17Haematology Research Center, Division of Experimental Medicine, Department of Medicine, Imperial College London, London, United Kingdom

Background

Myelofibrosis (MF) is a myeloproliferative neoplasm (MPN) characterised by the frequent presence of driver mutations in genes causing activation of JAK2 signalling pathways (JAK2, CALR and MPL). Additional mutations affecting epigenetic regulators and splicing machinery are common. Anaemia with RBC-transfusion-dependence is common in patients with advanced myelofibrosis and represents a major unmet need. The RESUME study assessed the rates of RBC-transfusion independence (TI) after therapy with Pomalidomide (POM) vs placebo in persons with MPN-associated myelofibrosis and RBC-transfusion dependence. 16% of patients in both the POM and placebo arms became TI.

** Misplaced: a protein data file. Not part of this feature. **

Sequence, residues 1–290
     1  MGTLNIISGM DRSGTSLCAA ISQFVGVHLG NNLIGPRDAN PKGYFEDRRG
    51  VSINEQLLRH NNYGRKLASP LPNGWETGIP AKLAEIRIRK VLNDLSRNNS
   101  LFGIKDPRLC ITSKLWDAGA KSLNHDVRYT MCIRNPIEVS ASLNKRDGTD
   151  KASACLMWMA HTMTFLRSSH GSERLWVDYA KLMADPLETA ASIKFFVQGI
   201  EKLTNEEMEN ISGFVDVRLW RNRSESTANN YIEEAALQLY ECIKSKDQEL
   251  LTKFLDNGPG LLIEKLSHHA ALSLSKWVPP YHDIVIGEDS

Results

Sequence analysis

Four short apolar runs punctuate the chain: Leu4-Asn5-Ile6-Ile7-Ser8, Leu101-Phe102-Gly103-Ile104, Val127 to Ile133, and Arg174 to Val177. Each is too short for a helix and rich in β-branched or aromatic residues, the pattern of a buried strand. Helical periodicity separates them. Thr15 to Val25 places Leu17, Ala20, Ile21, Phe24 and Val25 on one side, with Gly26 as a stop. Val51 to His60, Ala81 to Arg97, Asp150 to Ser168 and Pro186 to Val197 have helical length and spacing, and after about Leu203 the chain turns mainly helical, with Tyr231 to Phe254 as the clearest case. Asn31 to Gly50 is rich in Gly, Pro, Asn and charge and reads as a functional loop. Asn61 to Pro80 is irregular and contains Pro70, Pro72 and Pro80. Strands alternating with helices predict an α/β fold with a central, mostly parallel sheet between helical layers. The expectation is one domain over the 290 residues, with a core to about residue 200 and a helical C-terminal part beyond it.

Aims

The genetic landscape of strictly confirmed transfusion dependent MF is not fully characterised. Our aim was to analyse the genetics of transfusion-dependent myelofibrosis patients in the RESUME trial and correlate with clinical characteristics, outcome and therapy response.

Methods

DNA samples were available from 207 of 252 patients and analysed by targeted re-sequencing using a Fluidigm Access Array gene panel followed by next generation sequencing. The panel included JAK2, CALR, MPL, TET2, ASXL1, EZH2, DNMT3A, IDH1/2, CBL, IKZF1, U2AF1, CHEK2, TP53, SF3B1, SRSF2, SH2B3, BARD1, DAP3, HRAS, IRF4, KRAS, KIT, Mir662, NFE2, POLG, SCRIB, SETBP1, TCF12 and VPS45.

Results